The Official Voice of Vietnam Veterans of America, Inc. ®
An organization chartered by the U.S. Congress

March/April 2006 POLICY FOR LETTERS

Letters

We welcome letters to the editor for publication in The VVA Veteran. We are interested in your criticism as well as your praise. Letters may be edited for purposes of clarity or space. Regrettably, because of the volume of mail we receive, we are unable to acknowledge or return unpublished material.
   

FORTUNATE BROTHER

I am writing in response to George Claxton’s column in the January/February issue. I agree that further in-depth study is necessary for the full effects of Agents Orange and Blue to be known and accepted by the VA. However, like you, I recognize that the VA is in no hurry to face the results of such studies. As you say, the cost could be astronomical.

My brother, Sgt. Francis J. Wieme, served in Vietnam in 1967-68. He died last November 11 from a malignant brain tumor, which was diagnosed in June 2005. His oncologist suggested that Agent Orange could be a definite factor in his illness. He filed a disability claim with the VA, but no decision has yet been reached on this claim. I have learned that the VA does not recognize brain tumors as resulting from exposure to Agent Orange. By the way, my brother was also diagnosed with diabetes during his hospitalization.

I would suggest that VVA, with its large information database, analyze its membership for premature death among those who served in Vietnam. Your analysis could break down results by age at death and the year of the veteran’s tour. Those results could be submitted to a major university as a stimulus to conduct further research.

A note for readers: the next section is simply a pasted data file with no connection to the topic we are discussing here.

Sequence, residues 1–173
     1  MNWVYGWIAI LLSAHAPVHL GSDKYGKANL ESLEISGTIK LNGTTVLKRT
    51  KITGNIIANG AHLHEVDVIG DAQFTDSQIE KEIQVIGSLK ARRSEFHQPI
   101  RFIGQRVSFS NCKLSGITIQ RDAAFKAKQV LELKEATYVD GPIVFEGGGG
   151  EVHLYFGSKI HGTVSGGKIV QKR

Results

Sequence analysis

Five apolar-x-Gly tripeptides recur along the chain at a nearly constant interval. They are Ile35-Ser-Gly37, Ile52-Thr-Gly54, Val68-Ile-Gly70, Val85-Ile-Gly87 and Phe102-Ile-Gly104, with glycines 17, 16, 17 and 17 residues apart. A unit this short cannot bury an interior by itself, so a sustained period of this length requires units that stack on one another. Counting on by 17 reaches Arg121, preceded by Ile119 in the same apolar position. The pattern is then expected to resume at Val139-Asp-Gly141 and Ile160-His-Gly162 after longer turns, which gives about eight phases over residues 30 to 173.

Like my brother, I am a veteran, serving stateside during the Vietnam War. Considering the potential impact of Agent Orange among anyone who served in Vietnam, I am fortunate.

Thomas Wieme
Via e-mail
 


REMEMBERING GEORGE AND NIKKI

Somehow in the midst of moving I didn’t learn of the passing of George Duggins until late in December. We both served on the National Board of Directors. Although we were both people of color, we didn’t always see eye to eye. Our political views were different, but our goals were the same: to make VVA the best and to help our fellow veterans. George was a man of integrity and commitment.

As I stepped away from VVA national, George carried on, becoming Vice President and President for two terms. George was someone I respected and admired. This world has been made a better place for his being in it.

I also learned that Cheryl “Nikki” Nicol passed on. Nikki was my roommate while I was on the Board. Many times we burned the midnight oil trying to get committee work done, sometimes tearing our hair out or screaming in frustration. But most of all, there were the shared moments at The Wall, at the Conventions, in the quiet hours of the morning. I miss you, Crazy Lady. God bless ’cause I know you’re in heaven.

Lee Ann Combs Michaelsen
Wadena, Minnesota
 


KICKED ASIDE

I am Gunnery Sergeant Matt Hevezi’s mother, and I have just read the article you published about my son in the November/December issue. While all of what was written is true, how is it that it is being accepted and ignored? How is it that my son, and many other service personnel, have been kicked aside by DoD and denied their rights as loyal military? How can a country be strong if it discounts its backbone as ineffective and disposable?